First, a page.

The music industry is evolving rapidly, but the tools used by musicians are still largely stuck in the past. Enter Stockholm-based Auxy, backed by the founders of SoundCloud and Readmill (now Dropbox), and its radically simplified approach to music making.
In late february 2007, eighteen-year-old Tim Bergling worked up the courage to post a few tracks on a Swedish-language web forum for musicians. The accompanying message was simple enough.
“Hi all, I hope this is the right place for this. I’ve made a few tracks and I’d like to hear what other people think,” Bergling wrote, using the handle Timberman.
“Please let me know which ones you liked best, which ones you don’t like and so on. And tell me why. Thanks.”
Two weeks later, Timberman tried again. “Nobody? :(“ he wrote in response to his first post.
Still, no replies.
Four years later, Tim Bergling, now using his the stage name Avicii, released his single ‘Levels’. It topped the charts in both Europe and the US, propelling the young Swede to superstar status and making him one of the most recognisable names in dance music worldwide.
His story exemplifies the rapid changes sweeping through how popular music is produced. Electronic music has gone mainstream and many performers go from bedroom enthusiasts to superstar DJs within months. Social media and platforms such as SoundCloud and YouTube enable music to get shared and disseminated at a pace unheard of even a few short years ago.
Spreadsheet music making
Even so, the tools used by musicians have remained largely unchanged. Costly, multi-layered software packages designed primarily for workstation use are still the norm.
“A lot of people would love to make modern music but feel it’s too complicated to get started,” says Henrik Lengren, co-founder of Stockholm-based music software startup Auxy together with Fredrik Gadnell (pictured below). “Creating modern music should be more about music and less about technology. It doesn’t make sense to emulate vintage hardware when you’re building tools for a new generation that grew up with touch screens.”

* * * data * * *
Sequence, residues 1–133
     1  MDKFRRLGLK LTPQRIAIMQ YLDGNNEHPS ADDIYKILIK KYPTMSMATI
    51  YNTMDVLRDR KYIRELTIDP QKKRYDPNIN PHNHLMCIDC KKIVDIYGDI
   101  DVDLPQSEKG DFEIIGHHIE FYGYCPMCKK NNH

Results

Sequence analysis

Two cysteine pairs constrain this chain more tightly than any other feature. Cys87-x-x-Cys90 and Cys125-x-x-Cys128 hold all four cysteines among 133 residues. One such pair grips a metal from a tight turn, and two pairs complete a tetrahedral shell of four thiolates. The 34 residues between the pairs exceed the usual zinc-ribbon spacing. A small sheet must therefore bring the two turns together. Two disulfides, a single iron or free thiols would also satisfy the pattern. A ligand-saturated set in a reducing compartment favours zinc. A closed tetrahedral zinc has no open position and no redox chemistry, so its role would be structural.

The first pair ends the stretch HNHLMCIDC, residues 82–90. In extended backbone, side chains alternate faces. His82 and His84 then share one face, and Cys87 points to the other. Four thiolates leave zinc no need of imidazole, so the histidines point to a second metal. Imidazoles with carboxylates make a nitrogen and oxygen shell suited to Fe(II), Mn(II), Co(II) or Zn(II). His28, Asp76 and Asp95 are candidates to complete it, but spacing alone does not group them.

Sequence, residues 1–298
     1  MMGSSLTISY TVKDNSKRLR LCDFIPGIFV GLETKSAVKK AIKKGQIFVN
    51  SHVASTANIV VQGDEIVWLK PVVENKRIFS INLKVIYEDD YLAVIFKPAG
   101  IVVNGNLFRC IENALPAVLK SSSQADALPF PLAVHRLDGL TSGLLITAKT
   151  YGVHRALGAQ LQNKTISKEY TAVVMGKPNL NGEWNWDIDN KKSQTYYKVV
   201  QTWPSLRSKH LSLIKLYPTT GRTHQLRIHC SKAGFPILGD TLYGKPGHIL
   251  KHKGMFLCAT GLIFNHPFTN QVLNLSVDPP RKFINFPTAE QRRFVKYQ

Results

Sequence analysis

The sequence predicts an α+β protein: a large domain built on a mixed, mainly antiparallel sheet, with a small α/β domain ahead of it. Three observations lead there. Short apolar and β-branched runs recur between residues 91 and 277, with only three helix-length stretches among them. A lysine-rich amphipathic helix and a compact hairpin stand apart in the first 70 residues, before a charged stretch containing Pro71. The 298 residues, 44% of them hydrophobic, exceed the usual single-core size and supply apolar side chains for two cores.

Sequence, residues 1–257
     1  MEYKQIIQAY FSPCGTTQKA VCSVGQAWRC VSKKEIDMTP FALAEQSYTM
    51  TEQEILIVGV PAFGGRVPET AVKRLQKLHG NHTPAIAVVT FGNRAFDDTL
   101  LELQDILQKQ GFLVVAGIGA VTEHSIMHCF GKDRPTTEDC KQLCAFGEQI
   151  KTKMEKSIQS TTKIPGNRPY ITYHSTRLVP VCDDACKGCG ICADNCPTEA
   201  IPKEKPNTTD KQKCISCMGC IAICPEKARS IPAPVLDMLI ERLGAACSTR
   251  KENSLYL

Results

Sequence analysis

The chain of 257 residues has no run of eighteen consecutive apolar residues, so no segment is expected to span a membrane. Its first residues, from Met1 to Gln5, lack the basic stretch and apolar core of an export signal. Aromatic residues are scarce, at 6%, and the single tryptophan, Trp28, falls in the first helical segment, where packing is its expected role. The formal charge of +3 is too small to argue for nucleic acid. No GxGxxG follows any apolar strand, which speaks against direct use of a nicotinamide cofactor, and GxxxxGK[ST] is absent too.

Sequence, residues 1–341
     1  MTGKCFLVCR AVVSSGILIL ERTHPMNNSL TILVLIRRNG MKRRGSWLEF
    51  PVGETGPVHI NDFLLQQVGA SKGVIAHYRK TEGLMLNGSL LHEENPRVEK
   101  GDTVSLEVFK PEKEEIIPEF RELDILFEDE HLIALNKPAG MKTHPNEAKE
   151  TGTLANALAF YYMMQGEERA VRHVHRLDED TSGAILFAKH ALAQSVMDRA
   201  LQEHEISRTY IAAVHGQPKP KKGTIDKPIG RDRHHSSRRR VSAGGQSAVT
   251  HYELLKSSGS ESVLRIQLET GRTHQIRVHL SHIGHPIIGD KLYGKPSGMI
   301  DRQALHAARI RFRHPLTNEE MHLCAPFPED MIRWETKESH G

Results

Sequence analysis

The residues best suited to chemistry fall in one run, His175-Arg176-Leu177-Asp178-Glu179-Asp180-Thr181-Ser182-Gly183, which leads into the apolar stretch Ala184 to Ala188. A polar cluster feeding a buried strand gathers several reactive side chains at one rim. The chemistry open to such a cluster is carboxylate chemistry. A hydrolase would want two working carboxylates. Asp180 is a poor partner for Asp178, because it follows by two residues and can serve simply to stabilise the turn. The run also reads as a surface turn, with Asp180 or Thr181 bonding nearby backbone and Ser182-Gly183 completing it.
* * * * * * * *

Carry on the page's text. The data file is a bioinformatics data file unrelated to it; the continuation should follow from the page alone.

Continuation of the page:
His favourite term for the competition? “Spreadsheet music making”.
“It’s when creation feels too much like work and it’s hard to be creative because the tools you’re using make you so frustrated. We want to create a better experience and help tomorrow’s music makers realise their ideas,” he explains.
Lenberg has spent years working at the intersection of music and technology. Back in 2009, he joined SoundCloud as one of the then-fledgling company’s first employees, eventually moving to San Francisco to establish its first office in the US. Before that, he worked at Propellerhead Software, a noted Swedish maker of music tools known for software synthesisers such as Reason and Rebirth.
No surprise, then, that among Auxy’s first backers are Direkt Ventures, a newly-formed fund set up by, among others, SoundCloud founders Eric Wahlforss and Alexander Ljung and Readmill founder Henrik Berggren. Auxy has closed a seed round, led by Connect Ventures, for a total of about $1 million. The company is now looking to grow the team in Stockholm with more developers.
Auxy’s first product, a free music-making app for the iPad, launched to rave reviews in early October and raced to the top of the charts in the App Store ‘music’ category. The software is staunchly minimalist in design, with a simple, intuitive touchscreen interface and a clear focus on approachability, ease-of-use and plain fun.
“The goal,” says Lenberg, “is to help more people make more music.”
“It’s definitely not a toy. We take our users love for good music very seriously,” he posits.
Marketing-wise, Lenberg is betting heavily on word-of-mouth. Thanks to positive mentions in a few big name media outlets, plenty of buzz on Product Hunt and a “featured app” spotlight in the App Store, social media was awash with mentions of Auxy only a few short days after launch.
“It always comes down to the quality of the product. Our aim is to get the app into people’s hands and, if they like it, have them help us spread the word,” says Lenberg. “Hopefully, some well-known producers will pick it up and tell their fans about it as well.”
“Well, yeah. That would be pretty cool,” Lenberg says with a smile.
Featured image credit: Tech.eu